“Mr. Nauta’s job requires him to accompany President Trump on most campaign trips across the country,” they continued. “This schedule makes trial preparation with both defendants challenging. Such preparation requires planning and significant time.
Mr. Trump’s filing came in response to one filed last month by prosecutors working for special counsel Jack Smith, who requested a December 11 trial date. he scheduled the case to go to trial in August.
On Monday, just hours before Trump’s lawyers requested a delay in the trial, a Nauta attorney asked Judge Cannon to delay a hearing to discuss the issue of classified materials in the case that had been scheduled for Friday. . The defense and the prosecution finally agreed to delay the hearing, which will take place in the Federal District Court in Fort Pierce, Florida, until next Tuesday.
Judge Cannon has yet to give her approval to that time change.
In making their case for a delayed trial, Trump’s lawyers cited the extensive evidence of discovery provided to them by the government.
The first disclosure of the discovery, they said, contained more than 833,450 pages of material, including some 122,650 emails and 305,670 other documents. The lawyers said that after subsequent evidence was provided, they would likely make further requests to the government for more information.
The lawyers also pointed to the complex process of deciding how to handle the confidential materials at the heart of the case under the Classified Information Procedures Act, the subject of the hearing that had been scheduled for Friday. The lawyers strongly hinted that they were going to fight the government during the pretrial litigation over classified material, a process that could consume a significant amount of time.
“In general, the defendants believe that there simply should be no ‘secret’ evidence, nor any facts hidden from public view in connection with the prosecution of a prominent presidential candidate by his political opponent,” the attorneys wrote. “Our democracy demands nothing less than full transparency.”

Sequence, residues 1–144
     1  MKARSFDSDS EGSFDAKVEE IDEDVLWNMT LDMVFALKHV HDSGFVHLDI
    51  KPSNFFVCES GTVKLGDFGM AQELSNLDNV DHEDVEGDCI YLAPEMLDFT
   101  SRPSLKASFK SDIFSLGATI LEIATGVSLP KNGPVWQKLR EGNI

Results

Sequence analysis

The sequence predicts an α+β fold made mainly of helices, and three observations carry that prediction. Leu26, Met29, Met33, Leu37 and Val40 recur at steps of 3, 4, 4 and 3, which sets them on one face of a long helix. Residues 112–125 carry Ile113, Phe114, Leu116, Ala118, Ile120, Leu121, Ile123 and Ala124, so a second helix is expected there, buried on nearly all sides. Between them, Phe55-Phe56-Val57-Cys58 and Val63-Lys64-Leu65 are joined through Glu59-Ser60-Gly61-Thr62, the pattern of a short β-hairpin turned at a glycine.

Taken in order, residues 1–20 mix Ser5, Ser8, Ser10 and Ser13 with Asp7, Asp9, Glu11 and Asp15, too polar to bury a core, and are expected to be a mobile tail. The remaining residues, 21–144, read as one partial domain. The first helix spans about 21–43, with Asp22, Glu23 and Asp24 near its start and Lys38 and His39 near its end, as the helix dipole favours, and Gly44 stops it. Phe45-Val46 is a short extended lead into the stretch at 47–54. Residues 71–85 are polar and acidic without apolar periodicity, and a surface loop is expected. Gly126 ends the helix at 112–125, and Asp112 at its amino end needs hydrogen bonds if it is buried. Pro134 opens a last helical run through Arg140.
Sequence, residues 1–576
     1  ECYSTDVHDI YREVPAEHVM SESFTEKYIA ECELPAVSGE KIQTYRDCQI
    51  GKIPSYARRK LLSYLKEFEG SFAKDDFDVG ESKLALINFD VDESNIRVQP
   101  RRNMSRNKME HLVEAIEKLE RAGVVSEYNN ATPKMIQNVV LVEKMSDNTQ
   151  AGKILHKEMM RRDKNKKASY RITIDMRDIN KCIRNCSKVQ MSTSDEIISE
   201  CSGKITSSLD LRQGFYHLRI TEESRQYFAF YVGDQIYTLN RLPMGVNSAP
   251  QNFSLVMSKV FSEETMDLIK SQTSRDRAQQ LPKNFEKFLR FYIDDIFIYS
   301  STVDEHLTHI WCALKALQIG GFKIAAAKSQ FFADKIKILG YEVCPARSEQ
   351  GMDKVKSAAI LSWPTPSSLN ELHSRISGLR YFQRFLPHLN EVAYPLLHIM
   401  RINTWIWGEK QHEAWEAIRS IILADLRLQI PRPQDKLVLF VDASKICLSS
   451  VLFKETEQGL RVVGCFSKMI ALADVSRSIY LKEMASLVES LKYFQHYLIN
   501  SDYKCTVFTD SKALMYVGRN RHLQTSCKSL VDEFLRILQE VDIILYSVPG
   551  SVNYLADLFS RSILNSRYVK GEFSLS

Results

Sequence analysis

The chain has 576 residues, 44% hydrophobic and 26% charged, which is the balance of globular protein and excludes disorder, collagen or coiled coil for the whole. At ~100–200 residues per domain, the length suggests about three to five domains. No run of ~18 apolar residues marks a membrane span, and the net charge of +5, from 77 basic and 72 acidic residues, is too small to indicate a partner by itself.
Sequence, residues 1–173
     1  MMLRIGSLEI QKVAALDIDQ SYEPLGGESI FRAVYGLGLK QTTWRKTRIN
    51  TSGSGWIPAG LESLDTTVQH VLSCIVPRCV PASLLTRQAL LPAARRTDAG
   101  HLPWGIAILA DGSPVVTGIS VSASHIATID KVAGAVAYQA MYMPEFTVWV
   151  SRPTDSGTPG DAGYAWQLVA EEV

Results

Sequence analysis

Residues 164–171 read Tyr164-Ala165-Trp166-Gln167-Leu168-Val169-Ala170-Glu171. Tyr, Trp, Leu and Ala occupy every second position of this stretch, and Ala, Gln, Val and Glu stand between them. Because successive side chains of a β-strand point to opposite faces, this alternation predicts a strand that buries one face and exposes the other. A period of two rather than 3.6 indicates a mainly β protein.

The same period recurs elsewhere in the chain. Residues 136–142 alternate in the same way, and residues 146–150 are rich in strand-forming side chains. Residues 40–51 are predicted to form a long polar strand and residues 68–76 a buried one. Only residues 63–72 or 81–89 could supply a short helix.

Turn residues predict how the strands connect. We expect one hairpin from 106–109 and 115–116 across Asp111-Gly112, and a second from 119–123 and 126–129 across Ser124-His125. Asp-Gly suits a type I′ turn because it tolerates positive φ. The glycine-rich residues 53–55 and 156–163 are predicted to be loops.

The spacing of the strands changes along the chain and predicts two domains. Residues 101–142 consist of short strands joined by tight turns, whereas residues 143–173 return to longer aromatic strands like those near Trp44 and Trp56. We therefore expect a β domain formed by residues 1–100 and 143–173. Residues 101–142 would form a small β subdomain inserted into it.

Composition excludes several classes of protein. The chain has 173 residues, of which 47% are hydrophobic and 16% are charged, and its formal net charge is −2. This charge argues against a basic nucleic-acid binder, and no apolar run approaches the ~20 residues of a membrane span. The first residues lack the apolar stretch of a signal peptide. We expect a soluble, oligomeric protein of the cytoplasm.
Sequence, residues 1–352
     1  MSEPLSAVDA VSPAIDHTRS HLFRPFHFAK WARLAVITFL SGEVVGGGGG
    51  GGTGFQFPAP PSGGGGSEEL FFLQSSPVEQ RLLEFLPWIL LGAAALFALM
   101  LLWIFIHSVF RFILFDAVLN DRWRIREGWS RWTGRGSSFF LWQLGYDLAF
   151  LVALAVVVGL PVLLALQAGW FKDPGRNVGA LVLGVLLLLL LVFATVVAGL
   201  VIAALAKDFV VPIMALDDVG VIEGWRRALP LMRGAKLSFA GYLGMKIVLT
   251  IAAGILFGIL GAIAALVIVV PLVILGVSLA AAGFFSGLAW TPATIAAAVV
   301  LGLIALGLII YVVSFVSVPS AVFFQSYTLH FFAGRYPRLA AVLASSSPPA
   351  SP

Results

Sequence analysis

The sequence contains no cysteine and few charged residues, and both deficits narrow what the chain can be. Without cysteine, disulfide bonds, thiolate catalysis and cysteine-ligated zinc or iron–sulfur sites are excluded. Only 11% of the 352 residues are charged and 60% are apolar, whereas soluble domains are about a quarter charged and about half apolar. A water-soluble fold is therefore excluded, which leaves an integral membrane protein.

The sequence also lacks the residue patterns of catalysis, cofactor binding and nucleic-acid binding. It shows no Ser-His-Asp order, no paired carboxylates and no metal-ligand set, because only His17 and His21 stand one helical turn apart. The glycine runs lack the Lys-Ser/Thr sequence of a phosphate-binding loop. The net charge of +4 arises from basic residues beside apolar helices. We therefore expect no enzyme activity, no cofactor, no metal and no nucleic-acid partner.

In addition to his request for a delay, the filing served as a preview of Trump’s legal strategy, as the lawyers laid out the ways in which they planned to attack his impeachment.
The lawyers suggested, for example, that they intended to challenge some of the charges he faces by arguing that the Presidential Records Act allowed Trump to take White House documents. That interpretation of the Watergate-era law runs counter to how legal experts interpret it and was unsuccessful during a protracted legal battle last year over an outside arbitrator who was appointed to review a trove of materials seized by the FBI. from Mar-a. -Lake, private club and residence of Mr. Trump in Florida.
Trump’s lawyers also suggested they could bring “constitutional and statutory challenges” to Smith’s authority as special counsel. Furthermore, they set the stage for questions about whether an impartial jury could sit on trial while Trump was running for office.
“There is simply no question that any trial of this action during the pendency of a presidential election will affect both the outcome of that election and, more importantly, the defendants’ ability to obtain a fair trial,” they wrote.